Also from Marvel in 1984 was Amazing Spider-Man #252. The overall CPV percentage is 3.9%, and the CGC 9.8 CPV percentage is 2.3%. Both percentages are significantly higher than Secret Wars #8, produced only a few months apart. It is important to note that more than 90% of the GPA recorded sales in this analysis are for non-GPA issues. The vast majority of non-GPA issues are direct editions, purchased by collectors in comic book specialty stores. These direct edition stores did not have an unlimited supply of comic books. When a comic book was “instantly popular” among collectors, the comic book store could quickly sell out of an issue, and newsstand issues could meet that additional demand.

The newsstand distribution process ensured that newsstand issues (U.S. and CPV) arrived at vendors a week (or more) after the direct editions arrived in comic shops. The direct market was designed to provide comic book retailers with earlier arrival for each comic book at a discounted price, in return for making the direct editions nonreturnable. Comic books which were immediately popular could sell out at the comic book store but be found again at newsstand vendors a week later. Many direct edition buyers (and retailers) obtained newsstand copies of instantly-popular issues, ensuring that a greater percentage of newsstand (U.S. and CPV) survived in the hands of (primarily) direct edition collectors. As a result, more than 35 years later, immediately popular comic books like Amazing Spider-Man #252 have higher overall and CGC 9.8 percentages for CPV than other Marvel issues from the same timeframe.

Thor #337 (1983) appears to have been even more popular than Amazing Spider-Man #252 at the time of its release. 6.1% of the GPA recorded sales have been CPVs, and 5.6% of the CGC 9.8 sales have been CGC 9.8 CPVs. It is unlikely that the average CPV buyer decided to protect this particular issue in 9.8 condition nine times more often than Secret Wars #8 (0.6% CPV in CGC 9.8), so it is more probable that CPVs were obtained in much higher quantities by direct edition buyers to satisfy demand and protected as well as direct editions in the decades that followed. Just a few direct edition buyers obtaining CPVs from newsstands could make the difference between 0.6% CGC 9.8 CPVs and 5.6% CGC 9.8 CPVs.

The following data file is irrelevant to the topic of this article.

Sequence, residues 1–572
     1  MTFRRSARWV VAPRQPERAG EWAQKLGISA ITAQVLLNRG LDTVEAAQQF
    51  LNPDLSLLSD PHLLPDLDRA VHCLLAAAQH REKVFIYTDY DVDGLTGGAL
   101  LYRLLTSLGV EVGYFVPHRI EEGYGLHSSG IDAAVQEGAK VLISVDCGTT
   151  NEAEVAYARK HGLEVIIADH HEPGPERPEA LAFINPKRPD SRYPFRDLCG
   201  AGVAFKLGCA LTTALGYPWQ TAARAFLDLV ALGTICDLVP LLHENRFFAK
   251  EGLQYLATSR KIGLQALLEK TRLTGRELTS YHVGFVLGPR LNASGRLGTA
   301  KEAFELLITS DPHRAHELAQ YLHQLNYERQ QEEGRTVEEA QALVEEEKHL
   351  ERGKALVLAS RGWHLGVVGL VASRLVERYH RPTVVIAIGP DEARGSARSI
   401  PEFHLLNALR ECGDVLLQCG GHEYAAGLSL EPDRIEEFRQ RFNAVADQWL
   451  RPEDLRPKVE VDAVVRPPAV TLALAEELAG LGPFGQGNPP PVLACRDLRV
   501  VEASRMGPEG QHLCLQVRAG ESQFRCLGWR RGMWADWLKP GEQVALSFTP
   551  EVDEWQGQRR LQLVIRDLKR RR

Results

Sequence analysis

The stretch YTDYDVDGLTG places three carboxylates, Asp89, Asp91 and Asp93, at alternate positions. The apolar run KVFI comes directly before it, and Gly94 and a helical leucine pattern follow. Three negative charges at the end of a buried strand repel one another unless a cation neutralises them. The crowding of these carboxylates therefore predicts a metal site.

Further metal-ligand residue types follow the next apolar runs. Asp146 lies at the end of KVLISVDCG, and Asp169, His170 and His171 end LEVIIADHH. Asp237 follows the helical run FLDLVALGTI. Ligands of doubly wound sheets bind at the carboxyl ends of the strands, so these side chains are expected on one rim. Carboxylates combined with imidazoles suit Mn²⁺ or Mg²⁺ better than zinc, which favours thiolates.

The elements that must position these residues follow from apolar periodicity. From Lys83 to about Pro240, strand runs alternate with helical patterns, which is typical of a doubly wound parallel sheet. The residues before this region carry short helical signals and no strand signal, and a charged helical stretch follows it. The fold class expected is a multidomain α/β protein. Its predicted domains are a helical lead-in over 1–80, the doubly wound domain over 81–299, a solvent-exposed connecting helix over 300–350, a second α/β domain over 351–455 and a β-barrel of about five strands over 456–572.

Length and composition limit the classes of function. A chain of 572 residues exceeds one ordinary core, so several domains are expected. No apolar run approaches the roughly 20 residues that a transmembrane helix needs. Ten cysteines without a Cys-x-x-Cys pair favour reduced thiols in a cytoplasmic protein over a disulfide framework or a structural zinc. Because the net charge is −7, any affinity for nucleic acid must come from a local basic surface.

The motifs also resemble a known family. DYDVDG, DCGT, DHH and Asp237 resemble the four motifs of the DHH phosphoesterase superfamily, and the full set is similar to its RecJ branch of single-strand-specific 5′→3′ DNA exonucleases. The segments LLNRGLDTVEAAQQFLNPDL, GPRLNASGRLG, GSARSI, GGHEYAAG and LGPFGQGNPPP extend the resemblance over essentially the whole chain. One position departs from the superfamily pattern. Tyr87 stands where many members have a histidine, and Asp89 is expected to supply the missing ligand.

Simply stated, the behavior of direct edition buyers during the first weeks that a comic book was for sale determined the survival rates for all comic books, direct edition, newsstand, and CPV, for all the decades that followed. When a comic was popular among direct edition buyers, if the direct editions sold out, the newsstand and CPV supply was scooped up by buyers who treated them like direct editions. When a comic had plenty of direct edition supply during the time the newsstands and CPVs were for sale, the comics were purchased by newsstand buyers almost exclusively, and unsold copies were returned.

Web of Spider-Man #1 (1985) and New Mutants #1 (1983) appear to be only slightly profitable as a CGC 9.8 for non-CPV, selling just above $110. The risk of receiving a lower grade would be a likely reason for the percentage of CPV to be higher than average. However, the CGC 9.8 CPV percentages are only 2% and 1%, respectively. It is possible that these particular issues simply did not survive in CGC 9.8 condition as CPVs as often as non-CPVs. If this is true, it is most likely due to the direct edition supply being sufficient to satisfy buyers in the first week, and fewer-than-average sales of CPVs occurring when these issues were available at newsstands.